I had just settled in to work on this month's theme, to scribble a few lighthearted thoughts on how vacuuming helps me grapple with stumbling blocks in my writing, when I got a phone call. It was my nonfiction editor from Marshall Cavendish and she had bad news. The conglomerate that owns Marshall Cavendish decided to put MC's library imprint, Benchmark, up for sale. Everything had been frozen. What this meant for me was that four books I had spent much of this year writing for my Careers with Animals middle/high school series (and the two more I was to write this fall) are now in limbo. Worse, the six books I had anticipated helping to launch next month (Backyard Safari series II and a book on Horse Care) would not be released. That’s ten books. A year and a half of my life's work. Worse still, my editor and most of the incredibly talented people I’ve had the pleasure to work with over the past five years will soon be losing their jobs.
As a nonfiction writer in the children’s library market, I have felt the ground shifting under me for some time. When I first started writing library books about twelve years ago, this segment of the publishing world was a smoothly operating machine. Publishers laid out their schedules two years in advance. I was offered reasonable advances with fair royalties from a variety of publishers. Deadlines were spaced well apart, allowing me to do in-depth research and quality writing. I was booked out six months to a year ahead of time. But slowly, things began to erode. First, it was the schedule; deadlines came faster and faster until I had to start turning down jobs that would not allow me adequate time to do the kind of research and writing I insist upon for a book bearing my name. Then it was the royalties. Gradually, they trickled away, replaced by work-for-hire salaries that have decreased year by year. Last summer, a publisher I had worked for in the past (and that paid an acceptable fee) asked me to write 12 books (about 4,000 words each) in five weeks – that’s a book every three days. It was an impossible task, even if the work-for-hire fee had been reasonable (it wasn’t). I never expected to get rich writing children’s library books, but now, I am fighting to hold on to an industry that is losing its grip. Soon, for my own safety, I am going to have to let go. And that breaks my heart.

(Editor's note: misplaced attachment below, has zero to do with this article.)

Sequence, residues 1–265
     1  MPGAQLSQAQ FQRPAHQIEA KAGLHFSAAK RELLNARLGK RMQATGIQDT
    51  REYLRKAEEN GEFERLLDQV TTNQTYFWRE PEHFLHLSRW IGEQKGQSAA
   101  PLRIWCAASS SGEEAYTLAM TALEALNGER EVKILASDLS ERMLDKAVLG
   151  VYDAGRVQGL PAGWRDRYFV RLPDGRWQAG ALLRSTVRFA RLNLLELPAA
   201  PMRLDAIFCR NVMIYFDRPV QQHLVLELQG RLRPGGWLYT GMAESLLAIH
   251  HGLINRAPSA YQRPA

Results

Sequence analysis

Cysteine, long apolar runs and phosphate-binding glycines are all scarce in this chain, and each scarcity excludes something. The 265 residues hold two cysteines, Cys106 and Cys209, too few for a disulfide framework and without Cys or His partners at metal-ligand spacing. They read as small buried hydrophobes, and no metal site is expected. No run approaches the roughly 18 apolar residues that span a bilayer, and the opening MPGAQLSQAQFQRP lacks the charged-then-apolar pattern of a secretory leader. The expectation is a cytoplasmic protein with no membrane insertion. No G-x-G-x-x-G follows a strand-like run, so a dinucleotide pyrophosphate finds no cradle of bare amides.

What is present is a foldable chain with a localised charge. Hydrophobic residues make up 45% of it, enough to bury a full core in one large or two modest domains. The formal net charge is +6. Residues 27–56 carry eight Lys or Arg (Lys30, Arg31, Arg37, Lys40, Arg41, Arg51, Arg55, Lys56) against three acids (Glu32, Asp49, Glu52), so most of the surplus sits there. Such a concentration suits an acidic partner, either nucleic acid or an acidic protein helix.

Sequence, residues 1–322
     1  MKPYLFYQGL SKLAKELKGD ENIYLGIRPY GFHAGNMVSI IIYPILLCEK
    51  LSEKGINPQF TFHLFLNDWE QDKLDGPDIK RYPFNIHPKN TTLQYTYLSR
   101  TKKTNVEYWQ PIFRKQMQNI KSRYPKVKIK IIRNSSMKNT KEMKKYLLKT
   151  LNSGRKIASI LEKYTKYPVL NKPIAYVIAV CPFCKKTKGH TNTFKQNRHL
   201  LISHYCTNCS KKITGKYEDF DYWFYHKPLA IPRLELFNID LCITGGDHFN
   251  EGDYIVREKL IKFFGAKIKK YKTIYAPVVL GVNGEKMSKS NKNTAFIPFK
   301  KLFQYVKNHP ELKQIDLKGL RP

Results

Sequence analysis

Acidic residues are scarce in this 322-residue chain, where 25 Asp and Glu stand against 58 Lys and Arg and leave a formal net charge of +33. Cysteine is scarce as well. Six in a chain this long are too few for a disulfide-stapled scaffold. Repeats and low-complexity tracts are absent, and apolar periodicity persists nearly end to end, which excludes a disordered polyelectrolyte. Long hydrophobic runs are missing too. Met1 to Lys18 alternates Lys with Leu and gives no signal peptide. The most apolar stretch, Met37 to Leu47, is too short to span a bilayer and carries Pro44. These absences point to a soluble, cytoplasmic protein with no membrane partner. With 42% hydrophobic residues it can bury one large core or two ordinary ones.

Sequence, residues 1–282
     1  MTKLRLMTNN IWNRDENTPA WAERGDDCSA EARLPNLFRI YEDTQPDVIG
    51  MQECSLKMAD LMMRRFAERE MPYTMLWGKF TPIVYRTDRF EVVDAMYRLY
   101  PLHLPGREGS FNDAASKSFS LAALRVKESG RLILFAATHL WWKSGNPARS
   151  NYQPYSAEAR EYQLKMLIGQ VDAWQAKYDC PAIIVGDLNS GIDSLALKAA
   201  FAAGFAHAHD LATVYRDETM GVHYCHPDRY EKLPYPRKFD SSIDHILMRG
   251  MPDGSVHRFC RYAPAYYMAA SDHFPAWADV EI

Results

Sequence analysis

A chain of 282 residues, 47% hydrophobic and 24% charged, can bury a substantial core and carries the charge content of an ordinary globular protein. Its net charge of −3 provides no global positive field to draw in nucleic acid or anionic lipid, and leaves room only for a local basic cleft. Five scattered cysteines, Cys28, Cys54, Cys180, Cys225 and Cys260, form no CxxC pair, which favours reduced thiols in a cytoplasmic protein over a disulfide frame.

It is, sadly, a sign of the times. In virtually every state, budgets for libraries are being slashed at the local, state, and federal level. Today's news told of the most recent victim: the Jacksonville, Florida library, which faces an 11% budget cut. The cuts would close the library on Sundays, reduce hours during the week, eliminate 71 full-time jobs, and chop the materials budget in half. It translates to 5,000 fewer copies of books for children and teens. No money to purchase books means, of course, no money to pay me to write new ones.
I wish I had an answer for what is happening. I wish I could tell you that writing to our politicians, voting for levies, and volunteering at our local libraries would help us change course. A lot of us have done those things already, and the cuts keep coming. Still, I’m not ready to give up. As long as I write, whatever I write, I will do what I can to support libraries and the wonderful librarians who motivated me to read and write as a child, and who continue to inspire me.
There was a bright spot in my stormy week. I learned that a large county library system in my state selected one of my fiction books, Secrets of a Lab Rat: No Girls Allowed (Dogs Okay) for their 2012-13 Global Reading Challenge for fourth and fifth graders. I was invited to be their guest author and give a short talk to the finalists next spring. I can’t wait to share with the kids how I practically lived at the library when I was their age! And how fiction and nonfiction books opened up a whole new world to me. I want to be able to tell the next generation of writers that there is a place for them in creating nonfiction. I hope there is. I pray there will be. But I’m not sure. Right now, I’m not sure of anything.